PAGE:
• @Dragomok - Yeah, the bursar isn't taking a personal cut, he's just filling the University's accounts. Technically speaking, he is defrauding those accounts by giving back a cut to Kvothe - but he takes in more money with the deal, so that doesn't seem to be a downside to the bursar. I suppose the bursar could also be stealing, but that wouldn't be limited to Kvothe's deal, and I don't think there'd be a bursar, or a university, for long if he was. Commented Sep 20, 2017 at 18:45
• We also know (from the passage that @CObert quoted) that Riem was really upset about paying money out of the University's coffers. So it stands to reason that he would also be happy about being able to increase the income to the University, even if he's not personally getting any money from the deal. Commented Sep 20, 2017 at 22:41

I think you're missing the simple practicality of the deal for the Bursar.

Ignoring all the hinting and winking, Kvothe basically goes to the bursar and says, "I've got this nifty letter from the Maer which says he'll pay whatever tuition I am charged."

But we know how well I do on the admission's exams; we both know it will end up being ten talents or less. HOWEVER, if I agree to "throw" the entrance exam then the tuition will be a lot higher and the university will make a lot more money from the Maer.

But it's got to be worth my while... So, if you agree to give me a kick-back on the tuition, I'll make sure you're able to bill the Maer for a lot more money than you'll get otherwise, and it will be a win-win for all. Well, except for the Maer but he won't even notice...

This is caused by a deal Kvothe made with Riem. Since there is no standard tuition for the school he made a deal. While ten talents may look like a decent amount on paper, and unless there is an auditor checking the amounts that the Bursar collected for each student, their deal could easily be missed as Kvothe's tuition fees are basically written down on a receipt that he takers the Bursar to pay.

Kvothe basically has a blank check from Maer and made a deal with Riem, I pay ten talents to the school and we split anything over.

I left my baggage in Simmon’s room and paid a visit to the bursar in the basement of Hollows. Riem was a balding, pinch-faced man who had disliked me ever since the masters had assigned me a negative tuition in my first term. He wasn’t in the habit of giving money out, and the entire experience had rubbed him the wrong way. I showed him my open letter of credit to Alveron’s coffers. As I’ve said, it was an impressive document. Signed by the Maer’s own hand. Wax seals. Fine vellum. Excellent penmanship. I drew the bursar’s attention to the fact that the Maer’s letter would allow the University to draw any amount needed to cover my tuition. Any amount. The bursar read it over and agreed that that seemed to be the case. It’s too bad my tuition was always so low, I mused aloud. Never more than ten talents. It was a bit of a missed opportunity for the University. The Maer was richer than the King of Vint, after all. And he would pay any tuition. . . . Riem was a savvy man, and he understood what I was hinting at immediately. There followed a brief bout of negotiation, after which we shook hands and I saw him smile for the first time.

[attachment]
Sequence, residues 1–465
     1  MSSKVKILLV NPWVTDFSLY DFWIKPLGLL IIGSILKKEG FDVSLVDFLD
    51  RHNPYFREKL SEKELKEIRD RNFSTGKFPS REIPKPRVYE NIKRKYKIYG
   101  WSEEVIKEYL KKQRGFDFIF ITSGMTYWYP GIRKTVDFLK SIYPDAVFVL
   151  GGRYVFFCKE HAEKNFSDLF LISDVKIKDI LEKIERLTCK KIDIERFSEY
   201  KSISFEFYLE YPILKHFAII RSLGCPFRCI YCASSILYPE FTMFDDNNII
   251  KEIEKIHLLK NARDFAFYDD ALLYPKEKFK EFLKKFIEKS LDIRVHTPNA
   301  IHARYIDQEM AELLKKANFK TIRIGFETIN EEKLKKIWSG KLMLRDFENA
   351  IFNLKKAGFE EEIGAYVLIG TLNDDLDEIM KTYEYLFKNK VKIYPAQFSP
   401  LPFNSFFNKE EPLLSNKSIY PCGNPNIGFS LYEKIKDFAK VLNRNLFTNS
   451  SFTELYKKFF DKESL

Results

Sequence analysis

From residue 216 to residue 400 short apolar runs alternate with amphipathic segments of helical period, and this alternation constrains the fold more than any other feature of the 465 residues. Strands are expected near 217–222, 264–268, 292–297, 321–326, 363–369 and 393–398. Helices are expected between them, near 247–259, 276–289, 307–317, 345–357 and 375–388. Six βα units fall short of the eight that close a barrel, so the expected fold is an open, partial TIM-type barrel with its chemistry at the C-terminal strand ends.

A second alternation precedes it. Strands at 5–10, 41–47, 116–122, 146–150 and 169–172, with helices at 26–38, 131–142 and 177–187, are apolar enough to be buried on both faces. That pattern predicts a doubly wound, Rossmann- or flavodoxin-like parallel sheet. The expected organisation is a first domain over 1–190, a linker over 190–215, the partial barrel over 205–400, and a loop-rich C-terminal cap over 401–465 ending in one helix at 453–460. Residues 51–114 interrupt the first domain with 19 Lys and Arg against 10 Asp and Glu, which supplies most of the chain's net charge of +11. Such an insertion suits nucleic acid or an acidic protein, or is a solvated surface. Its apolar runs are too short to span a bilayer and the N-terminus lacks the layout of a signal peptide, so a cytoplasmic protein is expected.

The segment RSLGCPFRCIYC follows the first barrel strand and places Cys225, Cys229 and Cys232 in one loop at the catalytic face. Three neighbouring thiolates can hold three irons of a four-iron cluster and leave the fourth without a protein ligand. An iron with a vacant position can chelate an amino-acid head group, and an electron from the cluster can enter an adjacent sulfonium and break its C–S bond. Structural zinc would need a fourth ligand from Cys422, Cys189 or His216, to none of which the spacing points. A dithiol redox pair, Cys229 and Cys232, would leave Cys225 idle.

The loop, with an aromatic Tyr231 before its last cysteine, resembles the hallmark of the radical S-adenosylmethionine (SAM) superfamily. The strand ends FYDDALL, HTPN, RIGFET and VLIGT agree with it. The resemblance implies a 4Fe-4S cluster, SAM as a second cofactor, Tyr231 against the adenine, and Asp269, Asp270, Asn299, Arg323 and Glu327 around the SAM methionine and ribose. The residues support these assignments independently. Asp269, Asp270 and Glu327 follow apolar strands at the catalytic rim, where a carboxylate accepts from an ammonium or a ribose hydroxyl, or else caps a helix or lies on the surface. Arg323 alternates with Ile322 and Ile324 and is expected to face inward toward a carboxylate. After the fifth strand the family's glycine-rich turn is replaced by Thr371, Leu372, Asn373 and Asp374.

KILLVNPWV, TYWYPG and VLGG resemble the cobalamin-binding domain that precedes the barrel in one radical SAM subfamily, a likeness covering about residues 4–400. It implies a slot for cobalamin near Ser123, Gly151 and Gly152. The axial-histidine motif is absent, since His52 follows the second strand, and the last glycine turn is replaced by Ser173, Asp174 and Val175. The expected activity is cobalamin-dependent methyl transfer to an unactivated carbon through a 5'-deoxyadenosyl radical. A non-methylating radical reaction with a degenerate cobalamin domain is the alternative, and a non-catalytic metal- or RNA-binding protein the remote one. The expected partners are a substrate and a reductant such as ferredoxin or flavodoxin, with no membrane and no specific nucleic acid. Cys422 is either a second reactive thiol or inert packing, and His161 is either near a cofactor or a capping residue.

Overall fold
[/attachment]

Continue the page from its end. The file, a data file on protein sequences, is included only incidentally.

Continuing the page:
(Note I will update with the exact page number later and citation, I pulled this from a PDF)

• Ahhh - so the deal works this way: 1. masters write a tuiton of X down on the receipt, 2. Riem writes down "10 talents" in the ledgers, 3. Riem shows the tuition receipt to Maer's representatives, 4. the Maer pays the tuition of X based on the receipt, 5. Riem disposes of the receipt, 6. nobody does any checks, 7. profit. I misread you at first, but your answer proves most enlighting. Commented Sep 20, 2017 at 18:58
• (Also, if my previous comment, after edit, is what you meant to convey, would you mind editing it into the answer?) Commented Sep 20, 2017 at 19:00
• This doesn't really make sense. If Riem is willing to record tuitions as lower than what is actually paid and keep the difference (and he's able to get away with doing so), what does he need Kvothe or the Maer for? He could just record every student's tuition as 1 talent less than what they actually pay, keep the difference, and make hundreds of talents. Commented Sep 20, 2017 at 22:38

As your calculations show, it simply doesn't work. This gets pointed out by readers from time to time, for example, in the TOR reread.

As written, the Maer is paying the University exactly the assigned amount of tuition, and Kvothe and Riem are defrauding the University. Kvothe could have struck this sort of "deal" with Riem earlier - it's beneficial with or without the letter. Furthermore, Riem gets nothing out of the "deal", as he has apparently always been at liberty to steal tuition funds.

What Kvothe should have done is have Riem overcharge the Maer and split the difference between the amount charged and his assigned tuition. The amount of tuition in this case, of course, wouldn't matter, so Kvothe could't be paid "for insolence and ignorance" in a twist of dramatic irony. There's no mystery here: Rothfuss tried being ironically clever and failed.

• I like that alternative angle. Commented Jul 10, 2019 at 15:58
• "Defrauding the University" is strong. Real-world universities pay extravagant sums on fundraising that brings in (ideally) more money than is spent. This is just a particularly novel approach to that concept. The University nets less money than the Masters might expect based on the tuitions they assigned, but substantially more than it would have without Kvothe's non-traditional fundraising performance. Commented Mar 27 at 19:06